Mini Med 2018 On YouTube!

Did you miss 2018’s Mini Medical School? Watch it on YouTube!

The 2018 Mini Medical School program, a collaboration between the Delaware Academy of Medicine and Christiana Care Health System, concluded in April, with six lectures and hundreds of eager-to-learn attendees. For the first time in the annual program’s history, the lectures have been captured on video and are now available for viewing on YouTube.

Watch here!

CDC Public Health Grand Rounds

Maternal, Infant and Early Childhood Nutrition – The Thousand Day Window of Opportunity

Tuesday, June 1, 2019
1:00 pm ET
Watch in person (Global Communications Center, Building 19), or live via webcast.

One thousand days refers to the period from pregnancy through a child’s second birthday, when optimal nutrition is critical for brain development, healthy growth, and setting children on a trajectory for lifelong health. Unfortunately, in the US, only a third of women gain the appropriate amount of weight during pregnancy and about 16% of pregnant women have iron deficiency. Almost 1 in 5 babies are never breastfed. Among 1 year olds, fewer than half have eaten a vegetable, and 1 in 3 consume a sugary drink on a given day.

 

Previous Grand Rounds

Turning the Tide: The Role of Water Management to Prevent Legionnaires’ Disease

Learn More

Innovative Discoveries Series

Exploring the Geography of Health in the US: the Impact of Health Factors and County-level Demographics

Improving population health requires a firm understanding of geographic influences of modifiable health factors, and, to do so, requires measuring and mapping the relationship between health outcomes, factors, as well as demographics. Using 2017 County Health Ranking data for 3,108 US counties, we investigated the spatial patterning in these relationships using spatial regression methods. Although we found that spatial patterning in health outcomes was substantially explained by spatial differences in levels of health factors, substantial residual spatial patterning remained. Findings suggested that both the outcomes and the health factors of neighboring counties have an impact on the outcomes for a given county. Finally, using geographically weighted regression models, we found that the associations of health factors with outcomes showed substantial spatial patterning and varied significantly across the US. Greater understanding of the spatial heterogeneity we observed is important to identifying the most effective interventions and evidence-based policies to improve population health.

Presented By:

Loni Tabb, PhD, MS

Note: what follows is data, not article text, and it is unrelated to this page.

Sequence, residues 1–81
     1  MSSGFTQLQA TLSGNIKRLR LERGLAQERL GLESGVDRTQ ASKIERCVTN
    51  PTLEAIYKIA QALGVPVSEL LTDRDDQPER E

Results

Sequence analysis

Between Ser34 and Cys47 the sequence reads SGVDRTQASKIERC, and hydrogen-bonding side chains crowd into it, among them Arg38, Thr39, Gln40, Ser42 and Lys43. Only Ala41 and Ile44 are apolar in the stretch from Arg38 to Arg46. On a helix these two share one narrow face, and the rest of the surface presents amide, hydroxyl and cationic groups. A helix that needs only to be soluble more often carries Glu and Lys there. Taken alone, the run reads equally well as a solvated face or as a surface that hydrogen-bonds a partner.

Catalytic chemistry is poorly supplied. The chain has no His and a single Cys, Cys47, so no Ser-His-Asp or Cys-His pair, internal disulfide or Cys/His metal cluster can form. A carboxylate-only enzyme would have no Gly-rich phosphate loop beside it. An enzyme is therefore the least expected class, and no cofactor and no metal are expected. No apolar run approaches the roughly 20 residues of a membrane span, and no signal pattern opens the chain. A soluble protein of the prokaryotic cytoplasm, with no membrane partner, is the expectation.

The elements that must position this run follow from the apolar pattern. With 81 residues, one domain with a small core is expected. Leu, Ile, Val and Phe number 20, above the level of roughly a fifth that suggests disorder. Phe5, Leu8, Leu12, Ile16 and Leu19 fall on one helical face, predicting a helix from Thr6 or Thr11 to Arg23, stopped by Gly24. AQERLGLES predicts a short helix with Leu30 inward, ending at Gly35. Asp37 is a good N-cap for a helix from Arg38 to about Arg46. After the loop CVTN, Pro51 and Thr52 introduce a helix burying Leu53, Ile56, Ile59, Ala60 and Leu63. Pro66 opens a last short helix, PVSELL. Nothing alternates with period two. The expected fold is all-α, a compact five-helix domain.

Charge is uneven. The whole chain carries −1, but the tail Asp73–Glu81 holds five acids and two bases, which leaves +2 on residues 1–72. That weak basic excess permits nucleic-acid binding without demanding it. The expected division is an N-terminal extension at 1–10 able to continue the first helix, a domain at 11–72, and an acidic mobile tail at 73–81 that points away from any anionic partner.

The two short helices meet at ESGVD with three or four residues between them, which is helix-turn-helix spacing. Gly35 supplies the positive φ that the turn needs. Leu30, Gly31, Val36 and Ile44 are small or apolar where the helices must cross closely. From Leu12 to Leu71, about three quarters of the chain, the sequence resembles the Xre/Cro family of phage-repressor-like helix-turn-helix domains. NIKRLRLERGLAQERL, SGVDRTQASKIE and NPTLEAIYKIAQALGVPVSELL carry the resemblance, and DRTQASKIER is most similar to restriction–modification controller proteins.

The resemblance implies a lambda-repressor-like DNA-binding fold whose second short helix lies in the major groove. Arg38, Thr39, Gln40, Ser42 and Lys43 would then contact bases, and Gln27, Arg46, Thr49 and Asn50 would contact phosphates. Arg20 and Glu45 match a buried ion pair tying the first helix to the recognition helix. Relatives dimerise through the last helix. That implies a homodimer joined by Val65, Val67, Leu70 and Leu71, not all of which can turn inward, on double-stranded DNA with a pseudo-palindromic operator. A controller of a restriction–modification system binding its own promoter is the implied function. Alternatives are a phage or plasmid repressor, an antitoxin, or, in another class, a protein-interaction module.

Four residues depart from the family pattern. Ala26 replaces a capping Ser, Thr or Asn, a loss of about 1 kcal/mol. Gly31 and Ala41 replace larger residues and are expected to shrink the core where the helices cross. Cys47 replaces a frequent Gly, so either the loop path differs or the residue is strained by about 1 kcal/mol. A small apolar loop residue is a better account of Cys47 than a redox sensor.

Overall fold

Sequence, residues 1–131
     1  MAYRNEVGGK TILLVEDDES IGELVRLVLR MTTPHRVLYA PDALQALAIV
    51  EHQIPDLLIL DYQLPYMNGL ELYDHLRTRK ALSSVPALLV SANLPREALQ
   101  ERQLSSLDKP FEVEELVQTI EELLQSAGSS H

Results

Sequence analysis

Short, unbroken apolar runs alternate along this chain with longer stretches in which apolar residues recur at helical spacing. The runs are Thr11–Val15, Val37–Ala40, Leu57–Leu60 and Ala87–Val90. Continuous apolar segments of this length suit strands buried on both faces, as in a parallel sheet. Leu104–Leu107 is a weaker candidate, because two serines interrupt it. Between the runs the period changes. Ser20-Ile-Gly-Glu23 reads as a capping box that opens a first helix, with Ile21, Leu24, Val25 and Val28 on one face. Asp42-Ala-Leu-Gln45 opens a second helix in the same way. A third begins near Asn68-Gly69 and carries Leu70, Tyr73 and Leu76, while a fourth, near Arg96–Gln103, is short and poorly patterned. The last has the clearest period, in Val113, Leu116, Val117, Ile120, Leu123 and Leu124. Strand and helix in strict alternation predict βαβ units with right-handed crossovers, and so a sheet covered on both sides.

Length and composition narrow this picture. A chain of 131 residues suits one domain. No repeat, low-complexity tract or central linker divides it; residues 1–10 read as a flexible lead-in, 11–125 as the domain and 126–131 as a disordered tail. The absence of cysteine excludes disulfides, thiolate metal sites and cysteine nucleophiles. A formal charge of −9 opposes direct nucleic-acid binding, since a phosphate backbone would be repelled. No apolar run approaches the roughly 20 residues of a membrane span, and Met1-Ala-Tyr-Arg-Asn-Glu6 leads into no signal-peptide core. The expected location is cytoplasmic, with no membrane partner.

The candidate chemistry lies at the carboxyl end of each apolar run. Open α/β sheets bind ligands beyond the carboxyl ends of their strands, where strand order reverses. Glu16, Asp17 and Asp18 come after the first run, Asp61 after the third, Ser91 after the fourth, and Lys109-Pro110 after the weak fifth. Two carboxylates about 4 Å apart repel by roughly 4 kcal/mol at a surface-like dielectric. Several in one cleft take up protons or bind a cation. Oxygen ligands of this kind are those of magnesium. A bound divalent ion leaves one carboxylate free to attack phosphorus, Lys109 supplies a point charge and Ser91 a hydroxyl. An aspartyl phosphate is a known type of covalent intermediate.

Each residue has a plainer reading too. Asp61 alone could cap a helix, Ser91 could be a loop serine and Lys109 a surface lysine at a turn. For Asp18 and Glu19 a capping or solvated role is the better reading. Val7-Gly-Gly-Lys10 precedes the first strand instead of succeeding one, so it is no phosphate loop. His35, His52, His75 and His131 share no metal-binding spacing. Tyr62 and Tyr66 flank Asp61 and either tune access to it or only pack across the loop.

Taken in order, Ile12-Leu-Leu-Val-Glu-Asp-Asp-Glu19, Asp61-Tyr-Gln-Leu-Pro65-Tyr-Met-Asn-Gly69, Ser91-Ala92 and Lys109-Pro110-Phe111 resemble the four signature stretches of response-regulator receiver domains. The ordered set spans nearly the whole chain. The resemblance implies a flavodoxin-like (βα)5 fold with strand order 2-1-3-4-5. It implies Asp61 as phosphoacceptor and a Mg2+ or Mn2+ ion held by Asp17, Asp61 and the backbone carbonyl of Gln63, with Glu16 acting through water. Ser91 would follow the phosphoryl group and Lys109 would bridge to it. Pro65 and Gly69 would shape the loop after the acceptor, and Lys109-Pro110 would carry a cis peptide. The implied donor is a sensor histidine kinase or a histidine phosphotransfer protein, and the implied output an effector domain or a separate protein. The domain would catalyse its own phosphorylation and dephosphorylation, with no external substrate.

Associate Professor, Biostatistics, Department of Epidemiology and Biostatistics, Drexel University

Free!  Lunch will be served!

This activity has been approved for AMA PRA Category 1 Credit.

REGISTER ONLINE TODAY!

Friday, June 21, 2019
Noon to 1 p.m.
In-person: Christiana Hospital,Room 1100
Online: Watch live at https://bluejeans.com/361095905
Or join meeting ID 361095905 on the BlueJeans app on your smartphone or tablet

This activity has been approved for AMA PRA Category 1 Credit.

Upcoming Lectures:

June 28: CANDOR: Christiana Care’s Journey to Communication and Resolution

Statement on Vaccines

Vaccines Continue to be Tested and Proven Safe

American Academy of Pediatrics. (2017). American Academy of Pediatrics Emphasizes Safety and Importance of Vaccines. Retrieved from https://www.aap.org/en-us/about-the-aap/aap-press-room/Pages/American-Academy-of-Pediatrics-Emphasizes-Safety-and-Importance-of-Vaccines.aspx

Centers for Disease Control and Prevention. (2016). Infant Immunizations FAQs. Retrieved from https://www.cdc.gov/vaccines/parents/parent-questions.html

Institute of Medicine. (2004). Immunization Safety Review: Vaccines and Autism. Retrieved from https://www.nap.edu/catalog/10997/immunization-safety-review-vaccines-and-autism

U.S. Food and Drug Administration. (2015).  Thimerosal in Vaccines: Questions and Answers. Retrieved from http://www.fda.gov/BiologicsBloodVaccines/Vaccines/QuestionsaboutVaccines/UCM070430#q5

In light of recent claims by politicians or appointees that vaccines are linked to autism, or are unsafe when administered according to the recommended schedule, or contain dangerous products like Thimerosal, the public health community and the Delaware Academy of Medicine/Delaware Public Health Association continue to come down on the side of science.